The 30-year anniversary of the Velvet Revolution culminates today, November 17. Concerts, processions and debates, will be taking place in cities across the Czech Republic.
On November 17, 1989, student protesters filled the streets of Prague. It was eight days after the fall of the Berlin Wall.
Striking actors in Prague opened theater stages only for public discussions, and university and performing arts students went on strike. Homemade posters and proclamations were posted in public spaces, and actors read a proclamation by the students and artists to audiences, calling for a general strike on 27 November.
In Prague, the Civic Forum (OF), which called for a change of the regime, was created. It was led by Václav Havel and other dissidents from Charter 77.
The students were joined in the coming days by Czechoslovak citizens of all ages. By Nov. 20, a half-million Czechs and Slovaks filled Prague’s streets and took over Wenceslas Square. The Communists were forced out.
Secretary General of the Central Committee of the Communist Party of Czechoslovakia, Miloš Jakeš, invited the so-called People’s Militia to Prague. They received weapons and ammunition.
Havel met with VPN representative Peter Zajac, marking the very first meeting between the two opposition movements. PM Ladislav Adamec agreed to meet with the representatives of the opposition, but on the condition that Havel would not be present.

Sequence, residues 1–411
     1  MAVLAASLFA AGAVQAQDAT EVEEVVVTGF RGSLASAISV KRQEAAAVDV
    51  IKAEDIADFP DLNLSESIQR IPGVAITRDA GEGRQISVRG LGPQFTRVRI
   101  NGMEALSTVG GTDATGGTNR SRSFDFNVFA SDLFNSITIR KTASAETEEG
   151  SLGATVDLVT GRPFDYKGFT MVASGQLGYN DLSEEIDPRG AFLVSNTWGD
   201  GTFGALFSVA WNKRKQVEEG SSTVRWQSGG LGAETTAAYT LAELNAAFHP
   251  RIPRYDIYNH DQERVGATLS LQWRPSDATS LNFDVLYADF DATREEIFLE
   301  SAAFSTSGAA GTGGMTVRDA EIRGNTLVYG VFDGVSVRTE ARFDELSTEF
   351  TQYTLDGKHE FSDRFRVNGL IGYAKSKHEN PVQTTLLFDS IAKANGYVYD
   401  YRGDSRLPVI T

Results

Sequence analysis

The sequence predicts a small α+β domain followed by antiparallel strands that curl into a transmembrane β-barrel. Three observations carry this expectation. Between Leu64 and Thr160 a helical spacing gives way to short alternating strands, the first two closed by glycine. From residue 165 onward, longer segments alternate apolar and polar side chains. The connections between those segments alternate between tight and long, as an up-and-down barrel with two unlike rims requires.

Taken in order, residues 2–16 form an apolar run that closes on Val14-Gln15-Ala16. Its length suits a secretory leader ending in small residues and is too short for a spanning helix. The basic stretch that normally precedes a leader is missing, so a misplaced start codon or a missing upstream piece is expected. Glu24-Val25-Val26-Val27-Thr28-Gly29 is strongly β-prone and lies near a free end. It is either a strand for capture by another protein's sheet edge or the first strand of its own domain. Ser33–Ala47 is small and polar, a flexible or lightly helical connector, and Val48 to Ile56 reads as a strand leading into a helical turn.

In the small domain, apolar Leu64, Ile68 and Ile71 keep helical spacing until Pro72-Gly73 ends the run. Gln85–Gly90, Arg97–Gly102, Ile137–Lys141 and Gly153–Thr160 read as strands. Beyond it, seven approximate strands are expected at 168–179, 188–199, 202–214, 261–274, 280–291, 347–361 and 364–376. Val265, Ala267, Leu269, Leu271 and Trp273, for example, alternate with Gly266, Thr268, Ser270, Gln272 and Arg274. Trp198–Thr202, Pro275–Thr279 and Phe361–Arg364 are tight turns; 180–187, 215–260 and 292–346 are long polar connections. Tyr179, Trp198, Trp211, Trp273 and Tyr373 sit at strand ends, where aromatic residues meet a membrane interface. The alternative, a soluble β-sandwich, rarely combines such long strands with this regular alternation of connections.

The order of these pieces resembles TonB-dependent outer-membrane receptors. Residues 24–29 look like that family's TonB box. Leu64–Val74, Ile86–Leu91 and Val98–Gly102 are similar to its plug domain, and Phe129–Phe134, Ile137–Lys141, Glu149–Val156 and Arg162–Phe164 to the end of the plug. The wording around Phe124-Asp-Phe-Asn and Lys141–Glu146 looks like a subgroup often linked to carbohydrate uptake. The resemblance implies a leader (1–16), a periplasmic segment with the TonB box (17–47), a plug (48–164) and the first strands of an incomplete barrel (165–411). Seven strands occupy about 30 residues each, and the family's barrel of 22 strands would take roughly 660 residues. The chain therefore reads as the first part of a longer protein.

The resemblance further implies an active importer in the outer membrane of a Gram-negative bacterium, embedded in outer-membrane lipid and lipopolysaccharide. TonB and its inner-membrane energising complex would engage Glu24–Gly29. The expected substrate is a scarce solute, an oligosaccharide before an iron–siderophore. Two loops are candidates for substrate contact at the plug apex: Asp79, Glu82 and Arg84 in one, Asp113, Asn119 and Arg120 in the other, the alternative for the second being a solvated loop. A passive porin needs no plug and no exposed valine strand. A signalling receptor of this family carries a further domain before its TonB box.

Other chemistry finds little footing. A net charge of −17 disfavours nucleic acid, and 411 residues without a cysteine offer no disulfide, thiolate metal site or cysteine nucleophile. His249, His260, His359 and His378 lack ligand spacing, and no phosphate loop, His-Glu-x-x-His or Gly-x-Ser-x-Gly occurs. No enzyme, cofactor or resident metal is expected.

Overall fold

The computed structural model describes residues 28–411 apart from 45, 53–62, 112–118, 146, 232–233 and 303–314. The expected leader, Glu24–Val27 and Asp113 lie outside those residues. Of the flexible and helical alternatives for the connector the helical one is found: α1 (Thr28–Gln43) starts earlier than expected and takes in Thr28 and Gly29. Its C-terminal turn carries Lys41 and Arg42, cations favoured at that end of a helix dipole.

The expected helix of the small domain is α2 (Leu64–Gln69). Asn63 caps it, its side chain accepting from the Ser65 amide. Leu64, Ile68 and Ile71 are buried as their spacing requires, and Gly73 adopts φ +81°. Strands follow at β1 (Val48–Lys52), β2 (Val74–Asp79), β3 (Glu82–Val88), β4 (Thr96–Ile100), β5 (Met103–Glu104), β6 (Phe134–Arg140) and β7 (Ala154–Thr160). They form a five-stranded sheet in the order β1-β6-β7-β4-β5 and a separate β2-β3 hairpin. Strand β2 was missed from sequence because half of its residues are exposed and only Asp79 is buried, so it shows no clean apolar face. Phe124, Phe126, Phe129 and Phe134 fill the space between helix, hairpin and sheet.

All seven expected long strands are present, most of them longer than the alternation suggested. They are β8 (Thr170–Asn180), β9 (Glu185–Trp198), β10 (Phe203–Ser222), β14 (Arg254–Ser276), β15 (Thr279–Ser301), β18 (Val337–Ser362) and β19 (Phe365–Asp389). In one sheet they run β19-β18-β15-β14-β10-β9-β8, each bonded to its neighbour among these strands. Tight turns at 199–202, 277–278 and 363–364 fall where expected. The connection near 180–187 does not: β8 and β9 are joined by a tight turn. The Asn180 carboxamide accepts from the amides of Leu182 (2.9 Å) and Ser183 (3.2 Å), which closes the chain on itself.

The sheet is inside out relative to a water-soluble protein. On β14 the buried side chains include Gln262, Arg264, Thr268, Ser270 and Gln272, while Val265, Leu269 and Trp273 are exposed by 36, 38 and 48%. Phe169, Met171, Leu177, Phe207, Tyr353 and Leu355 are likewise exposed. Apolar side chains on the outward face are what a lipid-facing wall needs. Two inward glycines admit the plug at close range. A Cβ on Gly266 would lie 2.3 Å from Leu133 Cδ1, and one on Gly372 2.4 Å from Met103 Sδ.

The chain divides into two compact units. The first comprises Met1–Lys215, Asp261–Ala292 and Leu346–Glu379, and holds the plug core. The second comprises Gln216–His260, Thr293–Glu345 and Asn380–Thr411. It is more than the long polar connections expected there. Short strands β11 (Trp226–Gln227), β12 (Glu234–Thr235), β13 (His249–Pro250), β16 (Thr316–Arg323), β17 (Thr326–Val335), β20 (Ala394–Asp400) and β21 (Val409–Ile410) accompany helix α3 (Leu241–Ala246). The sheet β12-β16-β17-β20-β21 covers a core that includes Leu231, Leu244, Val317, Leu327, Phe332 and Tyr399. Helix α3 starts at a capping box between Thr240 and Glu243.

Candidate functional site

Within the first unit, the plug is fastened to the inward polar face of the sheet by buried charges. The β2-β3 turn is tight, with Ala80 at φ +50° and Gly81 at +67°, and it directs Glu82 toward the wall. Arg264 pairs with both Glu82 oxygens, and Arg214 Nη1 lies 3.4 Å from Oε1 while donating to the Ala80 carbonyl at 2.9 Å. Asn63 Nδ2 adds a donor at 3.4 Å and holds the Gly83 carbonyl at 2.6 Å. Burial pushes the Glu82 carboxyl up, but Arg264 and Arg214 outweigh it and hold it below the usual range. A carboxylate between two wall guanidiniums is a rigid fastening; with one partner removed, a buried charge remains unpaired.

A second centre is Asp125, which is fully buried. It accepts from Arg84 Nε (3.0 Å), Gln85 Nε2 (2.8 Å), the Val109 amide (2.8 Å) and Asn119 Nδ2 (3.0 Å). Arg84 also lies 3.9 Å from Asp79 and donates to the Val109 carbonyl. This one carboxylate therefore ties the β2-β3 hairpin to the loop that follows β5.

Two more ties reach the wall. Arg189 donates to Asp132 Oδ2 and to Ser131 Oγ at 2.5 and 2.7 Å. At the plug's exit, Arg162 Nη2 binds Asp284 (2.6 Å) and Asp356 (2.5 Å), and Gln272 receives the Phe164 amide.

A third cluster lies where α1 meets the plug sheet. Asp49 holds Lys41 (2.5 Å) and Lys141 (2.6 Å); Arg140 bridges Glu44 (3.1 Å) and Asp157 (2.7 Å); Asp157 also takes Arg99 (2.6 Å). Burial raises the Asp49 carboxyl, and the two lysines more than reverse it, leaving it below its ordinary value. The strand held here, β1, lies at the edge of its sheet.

Some 200,000 people demonstrated in Wenceslas Square in Prague.
Havel told the demonstration in Prague said that there was no way back to the totalitarian regime. The Minister of Defense also delivered a television address in which he called for an end to the demonstrations, but also declared that the army would not take action against the Czechoslovak people.
Alexander Dubcek appeared on the Melantrich balcony with Vaclav Havel. The meeting broke up with chants of “Dubcek to the Castle” and calls for another mass demonstration on the larger Letna plain.
Miloš Jakeš, the General Secretary of Communist Party resigned.
Half a million people attended a massive demonstration in Letna. This time the crowd were addressed by the Prime Minister Ladislav Adamec.
A two hour symbolic general strike takes place. It would take place at midday and students volunteered to man crucial shift work and emergency services, so that production and public safety would not suffer. The strike action was successful – over 50% of the entire population stopped working.
Representatives of OF, VPN, the federal parliament and PM Adamec met in Prague. Adamec promised to introduce the government by December 3. They discussed the release of political prisoners and the abolishment of articles about the leading role of the party and the Marxism-Leninism doctrine.
Parliament voted in favor of the legislation and also abolished the provision that made Marxist-Leninist ideology a mandatory part of school curriculum. After ten days of non-violent protest, the the Party had lost their stranglehold on the Czechoslovak state.
The Soviet Union and the Warsaw Pact issued separate statements condemning their invasion of Czechoslovakia in 1968.
Adamec resigns as Prime Minister.
After he swore in a new government of opposition activists and moderate Communists under Communist Prime Minister Marian Calfa, Husak finally stepped down as president.
Havel appears on television and announces he would accept the presidency, but only until free elections can be held.
Disturbing the Peace, a book which records an extended conversation between Havel and Karel Hvizdala (a Czech journalist living in Bonn, Germany), is released. The publisher, Melantrich, has put together and released the book in an unprecedented ten days.
Havel is unanimously elected President of Czechoslovakia by the parliament.